I remember vividly when a close family member was hit by an asthma attack that was exacerbated by dust and mold in a large arena filled with horses. When we bought the tickets, we didn’t think about how a simple show could lead to having to call emergency services.
She later told us that she sincerely believed she might die.
As a child, the idea that you could be robbed of your breath in an instant was new to me. I knew my family member had asthma, but I hadn’t before grasped the seriousness of this common condition. Now that I recognize the dangers, I make sure to get a flu shot every year to help my family member avoid seasonal lung issues and I make sure to ask her if she has her inhaler before long trips.
When I set out to write this article, many people in our community who live with asthma shared stories that resonated with my own experience. Joyce, who responded to our story request, had a younger cousin die from an asthma attack when she was just 29 years old and says, “That tragedy has haunted my life, and spurred me to seek help [for my own asthma] earlier rather than later.”
Others describe waking up in the middle of the night gasping for air and the fear of being stuck in big crowds with no escape plan or help.
Candy said: “When my rescue inhaler won’t help, I start to feel panicky, and I know I need to go to the ER. I start feeling anxiety, and like someone is sitting on my chest. I can’t breathe. I feel smothered.”
Asthma is very common. 1 in 13 people has it. Because of this, it’s often easy to forget how serious it really is. That’s why we asked folks living with asthma how it impacts their daily life and what we can do to help.
“Sometimes I dream about running.”
According to a study by the Asthma and Allergy Foundation of America, 97% of those surveyed reported that asthma limits their everyday activities. Many people in our community echoed this sentiment. Donna, who retired from her career after a lengthy absence, says, “it is hard to care for my family the way I want to.”
Currently, there is no cure for asthma. At best, symptoms can be managed or controlled by avoiding or limiting triggers. Here’s how some people who responded to our survey are impacted by common triggers:
“I do not allow carpets in my main living area, or bedrooms. I use cotton, acrylic, and leather for clothing & upholstery. I use a Rainbow Vacuum which catches the dust particles in water. I always carry an Albuterol inhaler.” – Joyce
“I need help cleaning the house because the chemicals bother me too much.” – Anon
“I make everyone in my family get a flu shot so our mom doesn’t get sick. I’m terrified she won’t be able to fight a lung infection as she gets older.” – Anon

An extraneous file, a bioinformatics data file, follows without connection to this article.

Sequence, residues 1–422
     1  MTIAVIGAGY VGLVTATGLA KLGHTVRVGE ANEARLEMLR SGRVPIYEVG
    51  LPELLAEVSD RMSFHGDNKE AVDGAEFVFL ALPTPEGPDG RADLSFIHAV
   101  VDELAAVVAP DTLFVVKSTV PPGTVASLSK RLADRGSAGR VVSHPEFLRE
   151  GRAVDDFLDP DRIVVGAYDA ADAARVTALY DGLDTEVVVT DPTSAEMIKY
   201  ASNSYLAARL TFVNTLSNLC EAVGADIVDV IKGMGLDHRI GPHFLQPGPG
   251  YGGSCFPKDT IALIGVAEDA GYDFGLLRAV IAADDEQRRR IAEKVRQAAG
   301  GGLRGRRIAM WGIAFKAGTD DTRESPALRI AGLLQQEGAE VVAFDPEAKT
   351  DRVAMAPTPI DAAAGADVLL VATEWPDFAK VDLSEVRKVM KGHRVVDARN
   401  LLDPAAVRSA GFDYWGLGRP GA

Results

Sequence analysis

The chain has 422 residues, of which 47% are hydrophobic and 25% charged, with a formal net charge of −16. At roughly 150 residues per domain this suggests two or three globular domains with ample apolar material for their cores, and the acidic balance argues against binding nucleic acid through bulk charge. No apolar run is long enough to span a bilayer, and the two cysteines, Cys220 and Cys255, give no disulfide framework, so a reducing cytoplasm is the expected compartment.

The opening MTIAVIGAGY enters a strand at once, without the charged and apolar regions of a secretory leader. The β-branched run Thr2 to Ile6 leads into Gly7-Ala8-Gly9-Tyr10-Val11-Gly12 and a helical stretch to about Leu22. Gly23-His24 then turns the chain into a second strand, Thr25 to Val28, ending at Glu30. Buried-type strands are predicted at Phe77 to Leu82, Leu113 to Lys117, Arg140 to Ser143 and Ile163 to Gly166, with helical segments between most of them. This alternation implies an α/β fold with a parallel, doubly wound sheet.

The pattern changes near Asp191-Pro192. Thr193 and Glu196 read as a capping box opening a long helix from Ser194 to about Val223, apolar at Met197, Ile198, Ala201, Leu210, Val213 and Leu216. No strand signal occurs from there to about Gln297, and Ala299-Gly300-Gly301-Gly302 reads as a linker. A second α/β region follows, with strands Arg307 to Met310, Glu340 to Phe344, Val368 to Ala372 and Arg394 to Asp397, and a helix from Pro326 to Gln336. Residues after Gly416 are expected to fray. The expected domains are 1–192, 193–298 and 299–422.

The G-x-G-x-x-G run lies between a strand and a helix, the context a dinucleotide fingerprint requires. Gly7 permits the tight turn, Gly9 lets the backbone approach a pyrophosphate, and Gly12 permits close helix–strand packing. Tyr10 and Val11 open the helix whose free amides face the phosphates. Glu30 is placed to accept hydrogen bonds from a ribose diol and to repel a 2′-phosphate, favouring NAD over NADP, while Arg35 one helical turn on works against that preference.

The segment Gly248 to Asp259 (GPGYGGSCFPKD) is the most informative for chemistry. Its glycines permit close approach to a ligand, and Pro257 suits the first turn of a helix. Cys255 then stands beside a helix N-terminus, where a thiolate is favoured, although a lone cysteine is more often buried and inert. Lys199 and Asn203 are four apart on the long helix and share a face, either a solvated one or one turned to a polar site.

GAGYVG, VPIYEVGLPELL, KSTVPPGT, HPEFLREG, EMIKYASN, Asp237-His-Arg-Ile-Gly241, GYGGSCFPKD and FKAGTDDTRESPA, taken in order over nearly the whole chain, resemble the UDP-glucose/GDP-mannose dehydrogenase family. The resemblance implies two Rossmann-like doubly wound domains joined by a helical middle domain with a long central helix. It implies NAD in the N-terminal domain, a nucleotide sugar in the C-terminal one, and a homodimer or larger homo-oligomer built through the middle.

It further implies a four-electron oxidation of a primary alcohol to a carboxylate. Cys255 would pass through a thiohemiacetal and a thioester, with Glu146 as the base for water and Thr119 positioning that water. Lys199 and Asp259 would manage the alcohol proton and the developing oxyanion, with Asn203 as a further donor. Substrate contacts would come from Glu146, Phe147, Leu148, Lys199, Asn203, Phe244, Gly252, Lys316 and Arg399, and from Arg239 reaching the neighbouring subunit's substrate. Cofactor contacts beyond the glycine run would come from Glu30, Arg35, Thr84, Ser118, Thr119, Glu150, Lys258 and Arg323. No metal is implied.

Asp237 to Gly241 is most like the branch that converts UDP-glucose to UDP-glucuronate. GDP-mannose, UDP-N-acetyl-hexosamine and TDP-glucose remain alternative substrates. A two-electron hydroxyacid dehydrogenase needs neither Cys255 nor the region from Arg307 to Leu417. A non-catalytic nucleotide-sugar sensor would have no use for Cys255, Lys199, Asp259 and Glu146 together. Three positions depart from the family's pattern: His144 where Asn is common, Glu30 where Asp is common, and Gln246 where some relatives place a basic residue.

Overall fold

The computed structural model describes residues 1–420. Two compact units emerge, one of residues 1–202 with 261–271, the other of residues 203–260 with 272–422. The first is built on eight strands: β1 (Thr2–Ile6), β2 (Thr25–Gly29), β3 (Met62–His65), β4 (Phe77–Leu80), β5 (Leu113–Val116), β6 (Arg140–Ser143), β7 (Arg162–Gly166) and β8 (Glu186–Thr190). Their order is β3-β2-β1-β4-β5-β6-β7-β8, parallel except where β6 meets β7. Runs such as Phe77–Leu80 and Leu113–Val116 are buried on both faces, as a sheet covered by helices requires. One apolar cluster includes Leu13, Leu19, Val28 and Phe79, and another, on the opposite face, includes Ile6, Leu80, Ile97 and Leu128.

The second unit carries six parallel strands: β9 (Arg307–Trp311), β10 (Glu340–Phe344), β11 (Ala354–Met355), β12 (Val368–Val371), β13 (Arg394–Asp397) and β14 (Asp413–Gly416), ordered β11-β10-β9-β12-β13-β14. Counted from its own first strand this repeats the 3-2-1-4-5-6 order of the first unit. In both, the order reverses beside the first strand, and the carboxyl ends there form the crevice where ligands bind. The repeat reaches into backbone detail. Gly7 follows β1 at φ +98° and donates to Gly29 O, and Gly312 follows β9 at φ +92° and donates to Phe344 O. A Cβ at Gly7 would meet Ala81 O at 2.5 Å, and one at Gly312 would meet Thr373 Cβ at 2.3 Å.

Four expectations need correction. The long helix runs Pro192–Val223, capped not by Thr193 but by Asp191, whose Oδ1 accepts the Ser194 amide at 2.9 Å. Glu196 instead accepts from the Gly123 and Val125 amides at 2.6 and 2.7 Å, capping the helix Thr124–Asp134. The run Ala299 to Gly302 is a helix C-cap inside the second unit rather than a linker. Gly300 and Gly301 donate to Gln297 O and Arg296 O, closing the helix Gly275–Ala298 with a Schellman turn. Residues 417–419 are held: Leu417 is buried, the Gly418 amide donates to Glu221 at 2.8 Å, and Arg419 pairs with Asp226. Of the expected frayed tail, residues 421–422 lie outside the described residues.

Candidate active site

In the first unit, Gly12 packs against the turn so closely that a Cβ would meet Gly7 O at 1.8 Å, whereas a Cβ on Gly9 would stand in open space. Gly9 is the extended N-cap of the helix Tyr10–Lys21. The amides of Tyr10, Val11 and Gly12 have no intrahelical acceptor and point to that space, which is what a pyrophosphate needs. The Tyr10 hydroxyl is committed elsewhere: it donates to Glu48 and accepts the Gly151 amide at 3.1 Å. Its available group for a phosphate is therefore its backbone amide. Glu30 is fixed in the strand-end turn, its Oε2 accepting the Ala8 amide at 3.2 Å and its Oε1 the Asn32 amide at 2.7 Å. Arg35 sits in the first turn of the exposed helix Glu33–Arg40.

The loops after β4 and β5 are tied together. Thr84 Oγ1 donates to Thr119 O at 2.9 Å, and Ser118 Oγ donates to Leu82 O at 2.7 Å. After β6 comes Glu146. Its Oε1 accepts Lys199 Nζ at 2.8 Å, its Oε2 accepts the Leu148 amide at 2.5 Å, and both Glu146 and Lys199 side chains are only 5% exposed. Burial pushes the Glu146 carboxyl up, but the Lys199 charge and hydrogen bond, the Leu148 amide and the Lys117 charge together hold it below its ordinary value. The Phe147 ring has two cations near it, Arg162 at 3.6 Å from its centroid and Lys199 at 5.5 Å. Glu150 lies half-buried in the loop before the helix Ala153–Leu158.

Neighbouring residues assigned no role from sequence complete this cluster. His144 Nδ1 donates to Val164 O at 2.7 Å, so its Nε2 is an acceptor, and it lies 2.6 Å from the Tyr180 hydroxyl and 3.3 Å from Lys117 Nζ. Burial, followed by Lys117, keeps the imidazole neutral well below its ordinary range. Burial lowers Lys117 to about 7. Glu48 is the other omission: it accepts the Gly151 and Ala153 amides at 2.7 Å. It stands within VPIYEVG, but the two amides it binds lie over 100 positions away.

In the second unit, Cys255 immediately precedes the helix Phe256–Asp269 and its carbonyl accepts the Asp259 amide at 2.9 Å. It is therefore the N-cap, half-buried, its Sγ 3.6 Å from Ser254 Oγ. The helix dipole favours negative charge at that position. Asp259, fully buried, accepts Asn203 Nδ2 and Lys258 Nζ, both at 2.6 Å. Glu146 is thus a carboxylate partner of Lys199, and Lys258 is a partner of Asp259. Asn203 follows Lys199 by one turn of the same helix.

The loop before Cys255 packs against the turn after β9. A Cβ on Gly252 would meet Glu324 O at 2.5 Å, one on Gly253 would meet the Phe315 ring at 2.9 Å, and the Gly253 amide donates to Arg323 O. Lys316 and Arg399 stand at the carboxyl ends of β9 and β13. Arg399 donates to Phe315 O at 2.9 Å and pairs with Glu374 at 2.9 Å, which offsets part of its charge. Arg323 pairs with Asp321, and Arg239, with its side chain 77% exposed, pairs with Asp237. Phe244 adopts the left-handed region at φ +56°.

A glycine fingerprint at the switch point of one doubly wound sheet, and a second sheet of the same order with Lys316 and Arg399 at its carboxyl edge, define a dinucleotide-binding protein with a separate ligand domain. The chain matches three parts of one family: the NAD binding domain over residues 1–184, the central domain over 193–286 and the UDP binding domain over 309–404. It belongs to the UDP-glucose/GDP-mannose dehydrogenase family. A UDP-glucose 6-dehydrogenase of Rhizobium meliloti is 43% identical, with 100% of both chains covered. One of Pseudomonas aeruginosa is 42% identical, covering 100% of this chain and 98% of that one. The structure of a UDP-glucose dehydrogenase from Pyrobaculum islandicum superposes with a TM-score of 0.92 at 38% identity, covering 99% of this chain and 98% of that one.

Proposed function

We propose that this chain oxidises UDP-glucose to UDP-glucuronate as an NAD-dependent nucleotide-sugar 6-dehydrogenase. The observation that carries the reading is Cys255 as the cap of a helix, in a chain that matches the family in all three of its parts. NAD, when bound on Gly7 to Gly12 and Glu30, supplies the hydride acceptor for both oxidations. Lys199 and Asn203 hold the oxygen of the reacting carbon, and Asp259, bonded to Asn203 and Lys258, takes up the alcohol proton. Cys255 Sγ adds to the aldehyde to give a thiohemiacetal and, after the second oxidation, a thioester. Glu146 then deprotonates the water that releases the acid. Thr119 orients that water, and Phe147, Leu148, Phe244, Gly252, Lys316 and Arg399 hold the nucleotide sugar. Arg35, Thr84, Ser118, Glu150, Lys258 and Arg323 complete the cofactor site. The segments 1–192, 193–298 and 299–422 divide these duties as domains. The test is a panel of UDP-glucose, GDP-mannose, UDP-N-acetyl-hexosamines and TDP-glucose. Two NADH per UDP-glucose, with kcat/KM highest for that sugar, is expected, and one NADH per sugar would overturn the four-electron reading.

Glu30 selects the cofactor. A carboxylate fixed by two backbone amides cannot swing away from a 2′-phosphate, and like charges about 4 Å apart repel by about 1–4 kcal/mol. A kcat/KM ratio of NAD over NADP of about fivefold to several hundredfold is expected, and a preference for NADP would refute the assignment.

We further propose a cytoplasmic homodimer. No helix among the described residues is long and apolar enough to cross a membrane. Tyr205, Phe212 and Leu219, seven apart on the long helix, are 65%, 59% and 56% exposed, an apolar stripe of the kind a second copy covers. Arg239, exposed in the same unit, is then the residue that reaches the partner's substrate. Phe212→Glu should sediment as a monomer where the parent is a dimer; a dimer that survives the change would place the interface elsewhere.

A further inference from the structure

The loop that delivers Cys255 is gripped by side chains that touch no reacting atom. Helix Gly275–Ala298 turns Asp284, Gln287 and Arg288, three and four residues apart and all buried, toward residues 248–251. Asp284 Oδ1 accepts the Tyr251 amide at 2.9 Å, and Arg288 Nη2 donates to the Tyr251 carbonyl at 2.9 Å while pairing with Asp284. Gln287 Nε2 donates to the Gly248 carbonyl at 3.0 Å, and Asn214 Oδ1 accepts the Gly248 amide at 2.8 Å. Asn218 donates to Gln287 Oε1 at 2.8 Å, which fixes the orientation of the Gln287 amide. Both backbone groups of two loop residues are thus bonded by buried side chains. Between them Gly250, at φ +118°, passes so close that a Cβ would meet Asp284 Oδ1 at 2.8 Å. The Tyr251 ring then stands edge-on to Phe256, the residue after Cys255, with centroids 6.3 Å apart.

“Although I’m still a runner there are many times throughout the year where my asthma has prevented me from running for days, sometimes weeks, at a time. ” – Anon
“I can’t be outside when it’s really cold, I can’t be outside when it’s really humid. I spend a lot of time indoors to avoid triggers.” – Jodi
“Stress triggers my asthma, at times I’m exhausted from just trying to manage my symptoms.” – Jodi
“This problem is far from solved.”
Everyone has heard of asthma but the awareness is just one small step towards solving a much bigger problems. The seriousness of moderate to severe asthma can not be understated. People still need help, the condition needs better funding, and complacency amongst healthcare professionals is considered an issue by many.
Here’s what some had to say on the subject:
“The luckiest patients are diagnosed early, receive meds to ease symptoms, get specific help to prepare the home by eliminating triggers, including surroundings and foods”- Joyce
“[We should] implement national healthcare so that people’s insurance doesn’t determine whether they can afford inhalers and other treatments.
Smoking cessation classes would help a lot of patients who don’t believe that they can quit.
With hospitals cutting back on staff, it is difficult to spend enough time with a patient who may reveal during a casual conversation or during a treatment that there is an occupational or environmental reason for exacerbations. Short staffing is literally killing us.” – Barbara
“I want to be heard by doctors. I want them to hear me when I say I know something is not right. ” – Jodi
Chances are you or someone you know lives with asthma. Leave a comment with how it’s impacted your life and don’t forget to sign up to hear about future opportunities to share your story.